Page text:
• Judith Moeckell

Difficult Conversations: why they're important & how to have them

Updated: 6 days ago


We held a series of seminars in early 2022 looking into why difficult conversations are often a bug bear for employers and line managers, but why it’s so important to have them with your workforce. The sessions were so popular we decided to lay out what we covered, here.


Why not just avoid difficult conversations?

  • They help build durable relationships and a strong sense of trust

  • Companies that hold these talks have a track record of surviving

  • They are often simply required when things in the company are changing and adapting

Why do we hate challenging conversations?

  • The brain tries to conserve energy. Difficult conversations consume energy because most people feel empathy or compassion for the other person

  • The brain needs to think of responses to rebuttals, anger, embarrassment, sadness - emotions that will often arise during these tricky conversations

  • Nearly all people also want to be liked so avoid confrontation. People are usually reluctant to open a difficult conversation out of fear of the consequences

Examples of scenarios that might bring about these conversations:

  • Performance concerns

  • Behaviour concerns

  • Personal hygiene issues

  • Remuneration

  • Staff moves

  • Redundancy/exits

  • Development

  • Status (promotion, demotion, job title, office, desk…)

Four practical steps to take when approaching a difficult conversation:


PREPARE

PLAN

PROCESS

POST


PREPARING: what to think about

  • Who is the right person to have the conversation?

  • What’s the purpose of the conversation?

  • What’s the right timing? Make sure all parties are available

  • Collect the facts

  • Anticipate the emotions in the room, and how to keep yourself in control

  • Inform your own manager and HR (who'll be able to check company policies)

  • Outline an action plan: what happens next

PLANNING: the logistics

  • Make sure the location is private, and face to face if possible

  • Allow sufficient time to have the conversation (you’re also likely to need time to recover afterwards)

  • How formal do you want the room layout to be?

  • Think through what you want to say, and how the other person may respond

  • What types of questions will you ask - open, closed, or probing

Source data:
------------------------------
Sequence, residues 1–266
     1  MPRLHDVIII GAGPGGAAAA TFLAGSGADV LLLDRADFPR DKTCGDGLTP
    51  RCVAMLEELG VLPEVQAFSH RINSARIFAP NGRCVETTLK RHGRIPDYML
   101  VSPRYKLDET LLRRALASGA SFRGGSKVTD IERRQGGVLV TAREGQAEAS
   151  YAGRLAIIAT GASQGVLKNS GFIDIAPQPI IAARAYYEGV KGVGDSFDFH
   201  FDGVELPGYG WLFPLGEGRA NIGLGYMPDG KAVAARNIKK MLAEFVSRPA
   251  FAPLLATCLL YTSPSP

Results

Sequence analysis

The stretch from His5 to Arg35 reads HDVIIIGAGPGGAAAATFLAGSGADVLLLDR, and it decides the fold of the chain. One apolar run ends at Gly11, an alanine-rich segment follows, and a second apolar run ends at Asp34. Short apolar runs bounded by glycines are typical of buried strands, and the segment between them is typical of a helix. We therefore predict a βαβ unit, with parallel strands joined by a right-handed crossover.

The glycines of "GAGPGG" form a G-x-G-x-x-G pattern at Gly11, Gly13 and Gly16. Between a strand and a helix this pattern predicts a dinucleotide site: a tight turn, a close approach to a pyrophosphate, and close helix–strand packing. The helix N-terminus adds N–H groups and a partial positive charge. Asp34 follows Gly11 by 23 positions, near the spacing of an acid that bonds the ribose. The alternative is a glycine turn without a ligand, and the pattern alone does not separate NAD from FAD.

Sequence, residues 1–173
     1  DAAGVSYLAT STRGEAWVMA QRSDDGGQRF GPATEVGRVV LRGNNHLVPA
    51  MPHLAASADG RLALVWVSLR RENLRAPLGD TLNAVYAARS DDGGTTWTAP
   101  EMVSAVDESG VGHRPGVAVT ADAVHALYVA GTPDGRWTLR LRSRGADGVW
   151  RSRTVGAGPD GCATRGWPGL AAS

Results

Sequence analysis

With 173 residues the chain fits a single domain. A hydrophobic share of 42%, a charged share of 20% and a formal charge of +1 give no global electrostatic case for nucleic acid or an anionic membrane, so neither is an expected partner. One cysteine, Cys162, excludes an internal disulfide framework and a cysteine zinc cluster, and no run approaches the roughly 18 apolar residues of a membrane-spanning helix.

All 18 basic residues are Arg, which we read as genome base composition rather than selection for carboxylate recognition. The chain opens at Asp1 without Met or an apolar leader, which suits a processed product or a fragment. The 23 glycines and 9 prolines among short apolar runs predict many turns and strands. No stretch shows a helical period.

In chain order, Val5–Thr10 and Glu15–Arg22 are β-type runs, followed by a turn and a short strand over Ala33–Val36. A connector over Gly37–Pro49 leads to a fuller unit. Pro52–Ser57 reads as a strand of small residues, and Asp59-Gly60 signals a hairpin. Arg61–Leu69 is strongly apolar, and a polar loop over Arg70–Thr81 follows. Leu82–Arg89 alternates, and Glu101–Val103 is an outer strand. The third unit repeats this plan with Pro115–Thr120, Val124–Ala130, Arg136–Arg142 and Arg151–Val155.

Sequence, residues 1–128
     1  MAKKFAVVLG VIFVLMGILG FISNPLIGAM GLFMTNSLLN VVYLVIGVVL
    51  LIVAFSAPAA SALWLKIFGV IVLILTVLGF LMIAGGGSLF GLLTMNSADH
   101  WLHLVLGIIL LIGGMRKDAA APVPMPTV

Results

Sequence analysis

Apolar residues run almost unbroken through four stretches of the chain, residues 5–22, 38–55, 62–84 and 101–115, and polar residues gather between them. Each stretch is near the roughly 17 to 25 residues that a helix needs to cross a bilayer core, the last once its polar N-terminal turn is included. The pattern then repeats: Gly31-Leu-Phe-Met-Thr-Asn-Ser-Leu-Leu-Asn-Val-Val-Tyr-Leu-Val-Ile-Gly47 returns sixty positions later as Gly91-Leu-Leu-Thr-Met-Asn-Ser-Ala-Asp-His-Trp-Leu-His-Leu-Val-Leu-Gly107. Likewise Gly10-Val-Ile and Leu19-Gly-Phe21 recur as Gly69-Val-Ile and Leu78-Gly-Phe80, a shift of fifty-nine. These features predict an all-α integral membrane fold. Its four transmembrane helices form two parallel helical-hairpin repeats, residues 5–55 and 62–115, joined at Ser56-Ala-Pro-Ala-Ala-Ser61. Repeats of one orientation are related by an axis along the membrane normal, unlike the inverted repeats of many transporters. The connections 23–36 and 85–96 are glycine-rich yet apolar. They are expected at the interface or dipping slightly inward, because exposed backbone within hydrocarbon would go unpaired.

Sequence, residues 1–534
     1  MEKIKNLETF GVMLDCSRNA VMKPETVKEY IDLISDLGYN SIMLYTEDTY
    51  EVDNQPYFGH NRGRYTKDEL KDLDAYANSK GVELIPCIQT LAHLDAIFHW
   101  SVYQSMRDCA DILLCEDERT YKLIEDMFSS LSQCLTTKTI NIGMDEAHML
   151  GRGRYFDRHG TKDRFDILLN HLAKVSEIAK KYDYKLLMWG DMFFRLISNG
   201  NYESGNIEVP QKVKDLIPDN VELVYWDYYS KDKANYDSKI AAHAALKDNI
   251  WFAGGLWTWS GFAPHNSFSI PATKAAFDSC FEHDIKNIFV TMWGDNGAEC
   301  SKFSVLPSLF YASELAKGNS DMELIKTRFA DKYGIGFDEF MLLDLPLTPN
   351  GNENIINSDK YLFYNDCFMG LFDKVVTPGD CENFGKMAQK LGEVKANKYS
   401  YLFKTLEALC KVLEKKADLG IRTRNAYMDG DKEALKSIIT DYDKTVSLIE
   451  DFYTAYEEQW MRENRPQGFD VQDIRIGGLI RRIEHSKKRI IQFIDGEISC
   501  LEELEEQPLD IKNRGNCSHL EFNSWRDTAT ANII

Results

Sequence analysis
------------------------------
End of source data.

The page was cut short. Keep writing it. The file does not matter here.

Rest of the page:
• Think through what a successful conclusion looks like

PROCESS: Having the conversation

  • State your intention

  • Recognise & highlight positives

  • Seek your team member’s input

  • Ask questions

  • Listen carefully

  • Check the information/objectives are still correct

POST: After the conversation

  • Record what was discussed & agreed

  • Provide agreed follow up support

  • Have regular follow up progress meetings conversations

How to encourage a team culture of challenging conversations

  • Encourage having the conversations sooner rather than later

  • Remember that sometimes, you don’t have to be liked

  • There is a simple way to start: ‘I see that X and Y are happening – why is that?’ Let the other person do most of the talking

  • Frame the conversation in a way as to solve an issue rather than blame someone

  • Being as direct as you can be will usually resolve the situation

  • Remind leaders that the outcome is almost always better than they expect

  • Be available for practice

  • Dig a ditch when it’s not raining!

Examples of constructive feedback

Don’t say: ‘You came across as dominating’

Do say: ‘I appreciate your ideas. It’s a shame this time it didn’t go to plan. Let's discuss what didn’t work & how we can learn for the future’


Don’t say: ‘You were a loudmouth in the meeting’

Do say: ‘You may have got more of the information you needed if you had asked for opinions & comments’


Don’t say: ‘If you had listened this would have worked out’

Do say: ‘I value your ideas, and know you were excited to talk. It’s important to also give space to others so that we can learn from their ideas too’


Giving Feedback: hints & tips

  • Include praise as well as areas to improve

  • Focus on observable behaviour, not assumptions

  • Keep feedback factual and specific - it should be your own observations, not those of a third party

  • Use reinforcing feedback: acknowledge good practices & the positive

  • Developmental feedback: use to encourage a change or improvement in a situation or behaviours

  • Make sure it’s given in the right environment: in a space of trust

  • Provide recommendations & actions

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